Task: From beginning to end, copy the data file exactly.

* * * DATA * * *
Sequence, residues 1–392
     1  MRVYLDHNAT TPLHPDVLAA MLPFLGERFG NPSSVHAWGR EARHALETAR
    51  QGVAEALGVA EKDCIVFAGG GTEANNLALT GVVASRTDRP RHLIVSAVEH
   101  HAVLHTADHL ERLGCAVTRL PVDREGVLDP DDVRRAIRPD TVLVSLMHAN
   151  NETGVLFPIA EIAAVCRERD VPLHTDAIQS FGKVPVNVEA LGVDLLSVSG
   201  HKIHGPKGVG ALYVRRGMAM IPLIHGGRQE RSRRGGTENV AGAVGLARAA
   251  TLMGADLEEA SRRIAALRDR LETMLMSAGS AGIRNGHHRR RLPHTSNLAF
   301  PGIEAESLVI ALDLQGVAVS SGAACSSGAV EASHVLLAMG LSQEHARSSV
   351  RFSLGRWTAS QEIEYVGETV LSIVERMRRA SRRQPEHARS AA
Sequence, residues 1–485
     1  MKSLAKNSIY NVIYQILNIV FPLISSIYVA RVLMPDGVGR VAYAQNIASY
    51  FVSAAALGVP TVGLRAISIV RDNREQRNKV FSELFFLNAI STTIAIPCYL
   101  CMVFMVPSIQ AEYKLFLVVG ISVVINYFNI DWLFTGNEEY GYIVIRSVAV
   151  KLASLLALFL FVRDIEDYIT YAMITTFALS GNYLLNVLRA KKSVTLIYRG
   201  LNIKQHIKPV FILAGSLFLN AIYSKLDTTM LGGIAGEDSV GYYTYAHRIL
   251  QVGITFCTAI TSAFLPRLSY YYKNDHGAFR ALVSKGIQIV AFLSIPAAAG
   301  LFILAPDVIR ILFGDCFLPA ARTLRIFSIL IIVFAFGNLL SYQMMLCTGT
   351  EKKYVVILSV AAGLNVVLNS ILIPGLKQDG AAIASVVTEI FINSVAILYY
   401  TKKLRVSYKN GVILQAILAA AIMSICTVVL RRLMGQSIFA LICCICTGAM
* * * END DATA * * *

Sequence, residues 1–392
     1  MRVYLDHNAT TPLHPDVLAA MLPFLGERFG NPSSVHAWGR EARHALETAR
    51  QGVAEALGVA EKDCIVFAGG GTEANNLALT GVVASRTDRP RHLIVSAVEH
   101  HAVLHTADHL ERLGCAVTRL PVDREGVLDP DDVRRAIRPD TVLVSLMHAN
   151  NETGVLFPIA EIAAVCRERD VPLHTDAIQS FGKVPVNVEA LGVDLLSVSG
   201  HKIHGPKGVG ALYVRRGMAM IPLIHGGRQE RSRRGGTENV AGAVGLARAA
   251  TLMGADLEEA SRRIAALRDR LETMLMSAGS AGIRNGHHRR RLPHTSNLAF
   301  PGIEAESLVI ALDLQGVAVS SGAACSSGAV EASHVLLAMG LSQEHARSSV
   351  RFSLGRWTAS QEIEYVGETV LSIVERMRRA SRRQPEHARS AA
Sequence, residues 1–485
     1  MKSLAKNSIY NVIYQILNIV FPLISSIYVA RVLMPDGVGR VAYAQNIASY
    51  FVSAAALGVP TVGLRAISIV RDNREQRNKV FSELFFLNAI STTIAIPCYL
   101  CMVFMVPSIQ AEYKLFLVVG ISVVINYFNI DWLFTGNEEY GYIVIRSVAV
   151  KLASLLALFL FVRDIEDYIT YAMITTFALS GNYLLNVLRA KKSVTLIYRG
   201  LNIKQHIKPV FILAGSLFLN AIYSKLDTTM LGGIAGEDSV GYYTYAHRIL
   251  QVGITFCTAI TSAFLPRLSY YYKNDHGAFR ALVSKGIQIV AFLSIPAAAG
   301  LFILAPDVIR ILFGDCFLPA ARTLRIFSIL IIVFAFGNLL SYQMMLCTGT
   351  EKKYVVILSV AAGLNVVLNS ILIPGLKQDG AAIASVVTEI FINSVAILYY
   401  TKKLRVSYKN GVILQAILAA AIMSICTVVL RRLMGQSIFA LICCICTGAM